China Court is part of a reissued series of Godden’s novels, printed by Virago. This particular novel is dedicated to the famous English poet John Betjeman, and was first published in the early 1960s. It tells the tale of the Quin family, who have been inhabitants of a large house named China Court for several generations.
Tracy Quin, the daughter of a film star, is the youngest member of the Quin family. She has been brought up on various film sets around the world, and has finally tried to put down roots in China Court in Cornwall following the death of her grandmother. The story more or less opens with Tracy and her mother, and then follows other individuals from different generations of the family. Whilst this idea is an interesting one, it has not been written or executed in such a way that renders the story difficult to put down, or even makes it clear.
The Quin family which Tracy descends from is so large – the first generation alone has nine children, for example – that a family tree has been included before the story even begins. Godden has defended her choice of this inclusion in the preface, which states, ‘In real life, when one meets a large family, with all its ramifications of uncles, aunts and cousins, as well as grandfathers and grandmothers, grandchildren and great-grandchildren, their friends, servants, and pet animals, it takes some time to distinguish them; one does not expect to remember straightaway that it is Jane who is married to Bertram, Jack who was born with a club foot, Aunt Margaret who had the unfortunate love affair… China Court is a novel about five generations of a family… I believe if the reader is a little patient – and can bear not to skip – they will soon become distinct and he will have no need to look at the family tree on the frontispiece’.
Sadly, a growing clarification of who is who and the relations between members of the family are nigh on impossible to remember without the aid of the aforementioned family tree, and Godden’s intention falls flat somewhat. So many characters are introduced at one time in places that the family dynamic becomes overly confused. The family tree is invaluable in this respect, but it becomes rather annoying to flip back and forth merely in order to work out who is related to who, and in which way. The introduction of so many people in so short a space renders the novel rather stolid and entirely confusing. The characters blend into one indistinguishable mess. The story is quickly saturated with information about the Quin family, not all of whom are remotely interesting.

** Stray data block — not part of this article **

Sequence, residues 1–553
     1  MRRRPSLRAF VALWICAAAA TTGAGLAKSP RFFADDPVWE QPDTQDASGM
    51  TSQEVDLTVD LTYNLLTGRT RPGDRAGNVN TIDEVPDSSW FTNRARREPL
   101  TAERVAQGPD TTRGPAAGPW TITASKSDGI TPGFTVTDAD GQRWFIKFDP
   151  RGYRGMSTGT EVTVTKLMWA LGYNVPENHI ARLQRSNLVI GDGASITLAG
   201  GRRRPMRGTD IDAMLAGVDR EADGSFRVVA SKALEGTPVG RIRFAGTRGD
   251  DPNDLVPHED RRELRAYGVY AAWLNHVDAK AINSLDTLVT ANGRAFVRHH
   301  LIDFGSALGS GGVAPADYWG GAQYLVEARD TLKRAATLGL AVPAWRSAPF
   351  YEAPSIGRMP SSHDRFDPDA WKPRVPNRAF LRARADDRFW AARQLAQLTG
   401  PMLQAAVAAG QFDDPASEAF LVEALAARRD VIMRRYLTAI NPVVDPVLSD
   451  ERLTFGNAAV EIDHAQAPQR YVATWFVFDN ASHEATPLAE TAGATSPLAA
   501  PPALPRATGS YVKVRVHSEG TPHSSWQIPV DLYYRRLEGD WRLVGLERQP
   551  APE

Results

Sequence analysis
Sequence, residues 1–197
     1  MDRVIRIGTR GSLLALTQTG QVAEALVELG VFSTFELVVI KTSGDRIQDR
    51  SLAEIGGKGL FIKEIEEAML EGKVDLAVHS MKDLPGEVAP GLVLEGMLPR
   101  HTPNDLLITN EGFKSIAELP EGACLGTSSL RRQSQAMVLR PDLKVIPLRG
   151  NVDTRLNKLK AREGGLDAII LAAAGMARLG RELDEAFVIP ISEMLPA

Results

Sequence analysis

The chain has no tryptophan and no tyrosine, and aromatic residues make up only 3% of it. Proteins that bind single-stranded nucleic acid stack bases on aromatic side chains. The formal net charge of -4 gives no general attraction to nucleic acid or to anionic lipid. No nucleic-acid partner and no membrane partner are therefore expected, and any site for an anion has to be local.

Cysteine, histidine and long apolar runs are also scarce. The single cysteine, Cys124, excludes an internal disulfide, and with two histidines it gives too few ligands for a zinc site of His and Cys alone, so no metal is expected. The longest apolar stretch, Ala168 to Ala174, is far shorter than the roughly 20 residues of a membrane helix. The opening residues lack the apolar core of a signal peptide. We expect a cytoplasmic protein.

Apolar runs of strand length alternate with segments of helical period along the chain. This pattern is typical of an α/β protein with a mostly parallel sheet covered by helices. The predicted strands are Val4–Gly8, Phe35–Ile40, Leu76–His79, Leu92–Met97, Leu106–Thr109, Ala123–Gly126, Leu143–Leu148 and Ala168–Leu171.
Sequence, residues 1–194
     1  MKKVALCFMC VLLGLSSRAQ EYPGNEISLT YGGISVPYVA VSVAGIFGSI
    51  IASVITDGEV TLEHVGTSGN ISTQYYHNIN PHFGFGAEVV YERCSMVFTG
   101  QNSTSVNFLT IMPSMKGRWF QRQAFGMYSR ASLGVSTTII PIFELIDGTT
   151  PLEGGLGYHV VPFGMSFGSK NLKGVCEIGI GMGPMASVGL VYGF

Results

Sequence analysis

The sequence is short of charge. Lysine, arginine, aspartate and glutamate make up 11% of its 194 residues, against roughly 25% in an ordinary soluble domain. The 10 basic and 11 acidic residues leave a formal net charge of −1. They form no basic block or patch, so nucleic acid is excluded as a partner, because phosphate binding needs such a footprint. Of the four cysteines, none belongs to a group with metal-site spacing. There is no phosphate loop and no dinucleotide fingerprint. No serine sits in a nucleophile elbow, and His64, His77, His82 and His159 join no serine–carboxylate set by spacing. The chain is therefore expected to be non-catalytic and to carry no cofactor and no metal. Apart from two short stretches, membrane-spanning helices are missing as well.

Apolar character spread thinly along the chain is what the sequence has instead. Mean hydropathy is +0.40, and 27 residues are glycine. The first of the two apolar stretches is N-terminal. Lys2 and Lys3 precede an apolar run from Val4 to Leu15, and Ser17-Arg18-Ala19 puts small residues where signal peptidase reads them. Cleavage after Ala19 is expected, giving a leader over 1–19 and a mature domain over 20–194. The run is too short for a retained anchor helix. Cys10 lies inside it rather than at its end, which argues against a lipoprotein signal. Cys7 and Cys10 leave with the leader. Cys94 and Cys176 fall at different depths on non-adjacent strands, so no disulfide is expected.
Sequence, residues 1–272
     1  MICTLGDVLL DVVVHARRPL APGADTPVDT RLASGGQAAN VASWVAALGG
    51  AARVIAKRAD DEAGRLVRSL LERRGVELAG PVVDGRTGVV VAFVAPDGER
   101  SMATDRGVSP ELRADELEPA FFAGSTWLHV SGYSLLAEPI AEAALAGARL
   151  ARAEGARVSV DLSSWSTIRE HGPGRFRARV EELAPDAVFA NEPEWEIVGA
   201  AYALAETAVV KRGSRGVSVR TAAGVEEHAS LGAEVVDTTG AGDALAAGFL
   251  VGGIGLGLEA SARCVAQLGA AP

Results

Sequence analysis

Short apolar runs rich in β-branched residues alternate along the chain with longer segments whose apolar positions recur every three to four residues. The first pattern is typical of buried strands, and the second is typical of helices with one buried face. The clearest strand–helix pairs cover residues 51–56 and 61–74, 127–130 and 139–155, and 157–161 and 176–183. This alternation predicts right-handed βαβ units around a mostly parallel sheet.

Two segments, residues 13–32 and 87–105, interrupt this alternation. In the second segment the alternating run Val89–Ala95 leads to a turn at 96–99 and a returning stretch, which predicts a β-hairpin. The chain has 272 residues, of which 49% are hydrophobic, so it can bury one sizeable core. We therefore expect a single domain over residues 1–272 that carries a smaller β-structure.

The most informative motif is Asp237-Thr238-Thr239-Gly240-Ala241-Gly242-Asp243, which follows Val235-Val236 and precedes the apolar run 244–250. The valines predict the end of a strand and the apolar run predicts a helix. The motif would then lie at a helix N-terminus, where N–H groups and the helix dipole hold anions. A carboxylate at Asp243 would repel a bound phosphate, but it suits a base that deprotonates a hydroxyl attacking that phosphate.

The tenses, too, jump around from past to present and back again from one paragraph to the next. There are few breaks between different time periods; rather, Godden has created a continuous narrative which just adds to the confusion. The opening line of the novel is striking: ‘Old Mrs Quin died in her sleep in the early hours of an August morning’. We are then launched straight into the dynamics of the Quin’s country house, which stands in a village which is ‘proudly inbred’. The sense of place which Godden has created works well at times, particularly when her descriptions are lovely – motes of dust ‘glittered and spun in the sun that came through the window’ and ‘A tiny fly whirred in the roses’, for example – and not so well at others. The way in which she describes the geographical position of China Court, for example, is so matter-of-fact that it reads like a piece of journalistic non-fiction. Dialects have been used in the speech of some characters in order to better set the scene, and the intended meaning of such chatter is not often easy to translate. The dialogue throughout has not been split up into the form of a conventional literary conversation, and there are often two or three individuals who speak in any one paragraph.
China Court does not have the same charming feel of The Dolls’ House, or the wonderful exuberance and great cast of Thursday’s Children. The execution of this story is wholly disappointing, and whilst the plot and general idea of following several generations who are intrinsically linked to one another is an interesting one, it has not been carried out in the best of ways. In consequence, it is rather difficult for a reader of China Court to muster that patience which Godden urges us to have.